Design Engineering

Self-guided bullet can hit target a mile away

Mike McLeod   

Motion Control Defense actuator sensor

Equiped with a nose sensor, actuator and fins, Sandia Labs’ small-caliber prototype seeks and finds laser-painted target.

12-feb-sandia-self-guided-bullet-2-360Engineering researchers, Red Jones and Brian Kast, at Sandia National Laboratories have patented a design for a dart-like, self-guided bullet for small-caliber, smooth-bore firearms that could hit laser-designated targets at distances of more than a mile (about 2,000 meters).

The four-inch-long bullet includes an optical sensor in the nose to detect a laser beam on a target. The sensor sends information to guidance and control electronics that use an algorithm in an eight-bit central processing unit to command electromagnetic actuators. These actuators then steer tiny fins that guide the bullet to the target.

To allow the Sandia bullet to turn in flight, conventional rifle barrel grooves (i.e. rifling) — and the spin they impart — had to be eliminated in favor of a smooth-bore barrel. In addition, the Sandia bullet’s design is akin to a dart with its center of gravity shifted forward and fins for aerodynamic stability. Plastic sabots provide a gas seal in the cartridge and protect the delicate fins until they drop off after the bullet emerges from the firearm’s barrel.

The prototype does not require an inertial measuring unit, a device found in much larger guided missiles. Instead, the researchers found that the bullet’s relatively small size when compared to guided missiles “is helping us all around. It’s kind of a fortuitous thing that none of us saw when we started,” Jones said.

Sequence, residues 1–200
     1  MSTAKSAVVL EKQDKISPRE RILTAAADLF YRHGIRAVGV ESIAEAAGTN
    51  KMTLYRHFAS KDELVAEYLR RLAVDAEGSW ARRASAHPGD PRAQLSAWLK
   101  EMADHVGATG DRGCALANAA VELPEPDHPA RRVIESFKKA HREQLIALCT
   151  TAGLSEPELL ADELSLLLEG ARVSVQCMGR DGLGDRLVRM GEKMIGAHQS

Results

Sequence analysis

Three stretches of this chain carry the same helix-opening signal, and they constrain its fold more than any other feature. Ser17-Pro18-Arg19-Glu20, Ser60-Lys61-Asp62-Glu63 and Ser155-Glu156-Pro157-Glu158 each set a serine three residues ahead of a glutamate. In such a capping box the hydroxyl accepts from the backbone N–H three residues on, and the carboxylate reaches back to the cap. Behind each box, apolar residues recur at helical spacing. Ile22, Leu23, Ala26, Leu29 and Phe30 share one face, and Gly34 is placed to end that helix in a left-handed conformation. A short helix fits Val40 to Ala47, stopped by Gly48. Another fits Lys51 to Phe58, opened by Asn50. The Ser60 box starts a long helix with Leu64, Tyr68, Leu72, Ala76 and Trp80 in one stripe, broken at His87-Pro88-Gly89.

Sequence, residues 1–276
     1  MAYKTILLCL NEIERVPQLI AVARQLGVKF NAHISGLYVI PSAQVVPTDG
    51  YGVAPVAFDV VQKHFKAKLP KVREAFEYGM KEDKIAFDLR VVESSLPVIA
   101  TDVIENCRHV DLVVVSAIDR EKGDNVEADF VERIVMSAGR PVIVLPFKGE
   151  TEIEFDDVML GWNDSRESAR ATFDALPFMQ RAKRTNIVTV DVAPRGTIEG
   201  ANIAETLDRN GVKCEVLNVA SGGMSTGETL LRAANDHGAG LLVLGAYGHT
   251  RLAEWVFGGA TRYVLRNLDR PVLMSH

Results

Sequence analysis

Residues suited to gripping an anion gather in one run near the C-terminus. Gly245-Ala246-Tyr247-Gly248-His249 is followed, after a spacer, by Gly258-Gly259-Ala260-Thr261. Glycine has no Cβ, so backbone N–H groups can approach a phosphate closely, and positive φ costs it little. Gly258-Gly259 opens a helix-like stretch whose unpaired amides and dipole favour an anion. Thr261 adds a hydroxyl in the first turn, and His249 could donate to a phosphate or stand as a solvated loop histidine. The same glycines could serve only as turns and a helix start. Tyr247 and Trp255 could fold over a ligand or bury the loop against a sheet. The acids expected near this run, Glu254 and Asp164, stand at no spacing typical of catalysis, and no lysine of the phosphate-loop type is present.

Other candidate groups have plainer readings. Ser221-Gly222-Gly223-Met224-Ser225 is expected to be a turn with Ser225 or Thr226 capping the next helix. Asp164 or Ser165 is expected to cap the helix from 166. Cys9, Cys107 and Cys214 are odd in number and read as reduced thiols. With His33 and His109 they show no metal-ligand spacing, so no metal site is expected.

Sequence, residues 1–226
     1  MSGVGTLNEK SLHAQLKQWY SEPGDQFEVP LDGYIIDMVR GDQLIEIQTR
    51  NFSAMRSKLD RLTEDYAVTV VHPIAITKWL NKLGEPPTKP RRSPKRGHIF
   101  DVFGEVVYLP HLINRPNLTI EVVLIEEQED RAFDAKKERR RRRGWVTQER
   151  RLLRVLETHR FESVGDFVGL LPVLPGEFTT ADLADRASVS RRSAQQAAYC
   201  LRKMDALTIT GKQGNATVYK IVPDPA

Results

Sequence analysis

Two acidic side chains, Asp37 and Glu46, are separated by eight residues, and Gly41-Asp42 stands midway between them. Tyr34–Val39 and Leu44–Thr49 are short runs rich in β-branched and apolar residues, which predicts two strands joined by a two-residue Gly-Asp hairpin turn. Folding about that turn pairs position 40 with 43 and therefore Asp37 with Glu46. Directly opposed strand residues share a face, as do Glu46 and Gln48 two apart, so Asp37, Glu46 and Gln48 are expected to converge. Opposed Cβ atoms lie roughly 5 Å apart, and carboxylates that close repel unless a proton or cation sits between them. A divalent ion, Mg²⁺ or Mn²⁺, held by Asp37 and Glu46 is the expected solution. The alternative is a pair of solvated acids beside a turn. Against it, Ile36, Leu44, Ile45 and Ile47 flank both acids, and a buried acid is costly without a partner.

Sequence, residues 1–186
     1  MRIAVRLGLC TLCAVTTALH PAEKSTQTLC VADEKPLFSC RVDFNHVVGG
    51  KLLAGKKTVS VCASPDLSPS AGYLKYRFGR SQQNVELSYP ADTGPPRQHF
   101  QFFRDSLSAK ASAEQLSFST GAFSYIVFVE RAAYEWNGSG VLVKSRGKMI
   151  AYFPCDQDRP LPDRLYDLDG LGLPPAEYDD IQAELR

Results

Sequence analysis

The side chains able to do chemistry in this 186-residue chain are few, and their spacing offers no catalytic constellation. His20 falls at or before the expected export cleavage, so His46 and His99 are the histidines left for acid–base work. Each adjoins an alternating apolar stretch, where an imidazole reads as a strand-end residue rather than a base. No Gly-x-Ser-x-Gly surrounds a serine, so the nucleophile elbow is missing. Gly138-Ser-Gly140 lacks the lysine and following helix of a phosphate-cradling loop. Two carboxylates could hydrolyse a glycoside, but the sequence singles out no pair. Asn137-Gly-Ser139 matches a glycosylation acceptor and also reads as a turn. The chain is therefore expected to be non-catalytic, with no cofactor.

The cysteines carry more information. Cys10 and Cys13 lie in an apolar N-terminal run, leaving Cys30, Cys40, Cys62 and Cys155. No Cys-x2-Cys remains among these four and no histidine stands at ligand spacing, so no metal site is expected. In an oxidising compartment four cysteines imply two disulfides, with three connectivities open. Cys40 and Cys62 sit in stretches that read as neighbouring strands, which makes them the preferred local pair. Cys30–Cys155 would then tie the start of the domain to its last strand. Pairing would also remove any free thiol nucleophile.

As the bullet flies through the air, it pitches and yaws at a set rate based on its mass and size. In larger guided missiles, the rate of flight-path corrections is relatively slow, so each correction needs to be very precise because fewer corrections are possible during flight. But “the natural body frequency of this bullet is about 30 hertz, so we can make corrections 30 times per second. That means we can overcorrect, so we don’t have to be as precise each time,” Jones said.

A tiny light-emitting diode, or LED, attached to a self-guided bullet at Sandia National Laboratories shows a bright path during a nighttime field test that proved the battery and electronics could survive the bullet's launch. (Photo courtesy of Sandia National Laboratories)

According to the Sandia bullet’s patent, computer aerodynamic simulations showed an unguided bullet under real-world conditions could miss a target more than a half mile away (1,000 meters away) by 9.8 yards (9 meters), but a guided bullet would get within 8 inches (0.2 meters).

Physical testing has shown the electromagnetic actuator performs well and the bullet can reach speeds of 2,400 feet per second, or Mach 2.1, using commercially available gunpowder. The researchers say it could reach standard military speeds using customized gunpowder.

Researchers also filmed high-speed video of the bullet radically pitching as it exited the barrel. The bullet pitches less as it flies down range, a phenomenon known to long-range firearms experts as “going to sleep.” Because the bullet’s motions settle the longer it is in flight, accuracy improves at longer ranges, Jones said.

“Nobody had ever seen that, but we’ve got high-speed video photography that shows that it’s true,” he said.

Sandia is seeking a private company partner to complete testing of the prototype and bring a guided bullet to the marketplace. Potential customers for the bullet include the military, law enforcement and recreational shooters.

In addition to Jones and Kast, Sandia researchers who helped develop the technology are: engineer Brandon R. Rohrer, aerodynamics expert Marc W. Kniskern, mechanical designer Scott E. Rose, firearms expert James W. Woods and Ronald W. Greene, a guidance, control and simulation engineer.


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